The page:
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November 2, 2005 University of North Carolina at Charlotte forward Curtis Withers is one of America's top college basketball players and is a returning senior for the 49ers. The graduate of West Charlotte High School was a First Team All-CUSA selection a year ago and a presesaon selection to the Wooden Award Watch List this fall. The 49ers, who went 21-8 overall and 12-2 in conference play a season ago, will open the 2005-2006 campaign against Coppin State at the BCA Classic in Laramie, Wyoming. (photo courtesy

Position: Forward
Class: Senior
Height: 6'8" Weight: 246
Hometown: Charlotte, North Carolina
Major: African-American and African Studies
2004-2005 Stats: 18.0 PPG, 8.1 RPG, 46.8 FG%, 42.3 3PT You are a Charlotte native, a graduate of West Charlotte High School. As a senior, you averaged a double-double and were named the MVP of the 2002 North Carolina East-West All-Star Game. You were ranked as one of the nation's top 100 recruits by, Athlon, Prep Stars, and others. When it came time to choose a college, what other schools did you consider, and why did you ultimately decide to stay at home and become a 49er?

Withers: "I had Alabama, Southern California, Clemson, Florida State, and of course Charlotte as my five choices, and when I came for my visit to Charlotte, I saw what Rodney White was able to do as well as how Coach Lutz's system was run and how I could fit in the same way Rodney did. Charlotte was also the best fit for me because I was at home and close to my son." You stepped right in and made a huge contribution as a true freshman for the 49ers. You were CUSA's leading freshman rebounder, the team's second-leading scorer and rebounder, and earned CUSA All-Freshman Team honors. Talk about the differences between high school basketball and big-time college basketball, and tell us why you believe you were able to make an immediate impact in a conference as tough as CUSA.

Withers: "Strength, size and skill were the diferences between college and high school. In college, there is equal talent as well as better talent. You have to learn how to play in a system, and I think that I made the impact that I did at Charlotte because I was able to adapt and fit in with the rest of the talent on the Charlotte team as well as compete with the talent on other teams." You continued to improve your sophomore season, earning First Team All-CUSA honors as well as Third Team All-American honors. You led the conference in double-doubles that season and scored 20 or more points nine times. Last season you averaged 18 points per game and were again named First Team All-CUSA. What do you feel is the key to your success? Is it the work you do in the offseason, how you prepare for each game, your focus during the game itself, or something totally different?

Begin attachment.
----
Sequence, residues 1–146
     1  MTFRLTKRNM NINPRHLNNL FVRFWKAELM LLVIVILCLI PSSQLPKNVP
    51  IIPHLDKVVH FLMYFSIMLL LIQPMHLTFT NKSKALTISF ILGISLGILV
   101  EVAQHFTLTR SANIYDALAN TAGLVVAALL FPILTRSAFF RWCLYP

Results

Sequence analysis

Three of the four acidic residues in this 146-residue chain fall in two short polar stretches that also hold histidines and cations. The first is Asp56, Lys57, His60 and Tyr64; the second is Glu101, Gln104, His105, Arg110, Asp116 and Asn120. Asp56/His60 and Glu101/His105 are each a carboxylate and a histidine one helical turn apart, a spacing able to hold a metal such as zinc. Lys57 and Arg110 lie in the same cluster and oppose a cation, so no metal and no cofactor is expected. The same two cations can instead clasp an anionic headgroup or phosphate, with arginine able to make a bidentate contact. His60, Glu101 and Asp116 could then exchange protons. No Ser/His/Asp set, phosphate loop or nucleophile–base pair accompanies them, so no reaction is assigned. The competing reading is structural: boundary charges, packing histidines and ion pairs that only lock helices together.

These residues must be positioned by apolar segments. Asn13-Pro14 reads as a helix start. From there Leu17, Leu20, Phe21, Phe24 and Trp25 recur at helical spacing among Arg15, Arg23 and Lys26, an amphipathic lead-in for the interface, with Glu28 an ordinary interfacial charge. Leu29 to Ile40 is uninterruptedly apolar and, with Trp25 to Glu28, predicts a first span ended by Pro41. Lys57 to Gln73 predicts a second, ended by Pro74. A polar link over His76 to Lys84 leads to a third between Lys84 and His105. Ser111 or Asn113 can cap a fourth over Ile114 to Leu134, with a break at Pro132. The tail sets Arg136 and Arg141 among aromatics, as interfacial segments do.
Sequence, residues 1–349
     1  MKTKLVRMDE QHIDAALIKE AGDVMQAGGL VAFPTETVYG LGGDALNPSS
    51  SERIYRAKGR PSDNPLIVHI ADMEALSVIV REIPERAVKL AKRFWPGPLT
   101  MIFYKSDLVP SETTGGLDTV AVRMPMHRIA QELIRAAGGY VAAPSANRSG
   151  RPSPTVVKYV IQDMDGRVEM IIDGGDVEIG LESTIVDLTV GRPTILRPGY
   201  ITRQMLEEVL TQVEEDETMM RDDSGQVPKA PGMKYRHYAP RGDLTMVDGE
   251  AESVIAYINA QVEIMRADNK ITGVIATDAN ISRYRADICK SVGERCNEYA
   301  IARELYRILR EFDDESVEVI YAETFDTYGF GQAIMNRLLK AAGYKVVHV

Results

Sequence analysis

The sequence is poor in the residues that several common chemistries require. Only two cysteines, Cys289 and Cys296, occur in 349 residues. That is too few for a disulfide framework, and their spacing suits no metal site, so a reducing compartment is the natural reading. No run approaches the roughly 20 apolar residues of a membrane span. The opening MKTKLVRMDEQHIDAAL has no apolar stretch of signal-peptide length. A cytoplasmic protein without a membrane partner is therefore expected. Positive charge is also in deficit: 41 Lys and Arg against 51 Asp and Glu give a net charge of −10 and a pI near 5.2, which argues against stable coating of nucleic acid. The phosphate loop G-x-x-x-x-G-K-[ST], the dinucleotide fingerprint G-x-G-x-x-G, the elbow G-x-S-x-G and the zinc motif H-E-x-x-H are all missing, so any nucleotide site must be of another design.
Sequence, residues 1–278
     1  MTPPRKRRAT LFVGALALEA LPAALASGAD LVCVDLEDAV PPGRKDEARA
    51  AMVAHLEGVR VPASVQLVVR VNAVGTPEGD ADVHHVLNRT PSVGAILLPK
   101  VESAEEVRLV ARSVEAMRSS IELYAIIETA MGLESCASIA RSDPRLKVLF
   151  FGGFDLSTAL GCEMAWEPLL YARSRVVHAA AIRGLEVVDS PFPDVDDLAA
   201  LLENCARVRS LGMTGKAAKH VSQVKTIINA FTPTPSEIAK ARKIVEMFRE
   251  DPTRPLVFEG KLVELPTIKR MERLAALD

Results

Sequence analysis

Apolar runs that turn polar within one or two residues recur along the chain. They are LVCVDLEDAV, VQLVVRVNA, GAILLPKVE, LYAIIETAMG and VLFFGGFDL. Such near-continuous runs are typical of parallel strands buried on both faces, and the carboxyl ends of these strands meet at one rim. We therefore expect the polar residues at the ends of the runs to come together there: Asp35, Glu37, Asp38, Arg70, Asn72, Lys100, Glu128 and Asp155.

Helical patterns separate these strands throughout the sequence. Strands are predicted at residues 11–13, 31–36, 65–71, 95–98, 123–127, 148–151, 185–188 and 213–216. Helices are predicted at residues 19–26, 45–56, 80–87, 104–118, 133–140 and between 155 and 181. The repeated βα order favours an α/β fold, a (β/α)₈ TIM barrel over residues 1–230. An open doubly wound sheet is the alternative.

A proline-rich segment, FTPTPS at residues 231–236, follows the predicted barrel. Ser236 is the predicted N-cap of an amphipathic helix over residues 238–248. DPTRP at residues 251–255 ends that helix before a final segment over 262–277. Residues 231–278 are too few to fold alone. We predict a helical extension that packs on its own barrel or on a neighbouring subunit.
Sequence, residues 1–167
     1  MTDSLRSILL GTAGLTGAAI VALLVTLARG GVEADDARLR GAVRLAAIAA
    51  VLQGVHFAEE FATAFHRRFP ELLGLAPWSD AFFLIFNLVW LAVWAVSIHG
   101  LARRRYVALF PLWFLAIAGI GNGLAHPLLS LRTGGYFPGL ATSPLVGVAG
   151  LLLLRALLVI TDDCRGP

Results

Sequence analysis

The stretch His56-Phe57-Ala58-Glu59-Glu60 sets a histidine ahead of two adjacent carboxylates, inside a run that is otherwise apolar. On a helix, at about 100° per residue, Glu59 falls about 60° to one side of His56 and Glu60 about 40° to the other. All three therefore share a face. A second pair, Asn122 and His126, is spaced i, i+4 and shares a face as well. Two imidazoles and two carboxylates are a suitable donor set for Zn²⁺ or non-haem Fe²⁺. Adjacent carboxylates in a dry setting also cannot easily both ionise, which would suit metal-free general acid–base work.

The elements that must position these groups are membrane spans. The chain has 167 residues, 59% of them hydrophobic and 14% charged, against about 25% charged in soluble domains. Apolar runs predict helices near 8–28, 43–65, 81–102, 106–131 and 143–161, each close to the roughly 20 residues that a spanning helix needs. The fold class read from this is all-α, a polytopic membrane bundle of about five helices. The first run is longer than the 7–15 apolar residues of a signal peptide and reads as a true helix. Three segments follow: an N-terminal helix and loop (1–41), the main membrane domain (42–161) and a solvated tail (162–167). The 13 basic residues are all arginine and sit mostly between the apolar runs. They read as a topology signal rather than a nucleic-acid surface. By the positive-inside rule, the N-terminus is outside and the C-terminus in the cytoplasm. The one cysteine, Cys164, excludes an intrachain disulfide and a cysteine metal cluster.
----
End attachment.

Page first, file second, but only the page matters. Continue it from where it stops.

Withers: "I would say the key to my sucess was me dedicating my offseason and preseason to the weight room, and playing in a couple of pro-ams in the summer helped a whole lot. It helps a whole lot when you are stronger than the guy that you are guarding as well as the player guarding you. You have to be able to blend in with your team and play within your coaches' concept as well. Preperation for the game would be studying personnel of the opposing team, getting a good warm-up, and playing hard every possession." You have also earned national recognition throughout the past few seasons. You were named to the Wooden Award Watch List, a ranking of the top fifty players in the entire country, prior to last season and then again this fall. Dick Vitale of also chose you to his Preseason Third Team All-America in August. What does the national recognition mean not only to you but to your team and your school?

Withers: "To my school, it's well-deserved recognition, and my teammates look at me to be more of a leader every year on and off the court." You had the opportunity to play for the USA Basketball team in 2004. That squad went 5-0 and won the gold medal at the tournament in Halifax, Canada. You started each of the team's games and scored 17 points in the gold medal game. This past August, you had the opportunity to play for the USA Basketball U21 World Championship Team in Mar del Plata, Argentina. Talk about having the chance to represent your country in foreign nations and the pride you must feel when wearing the red, white, and blue. Also discuss the 2004 team that brought home a gold medal.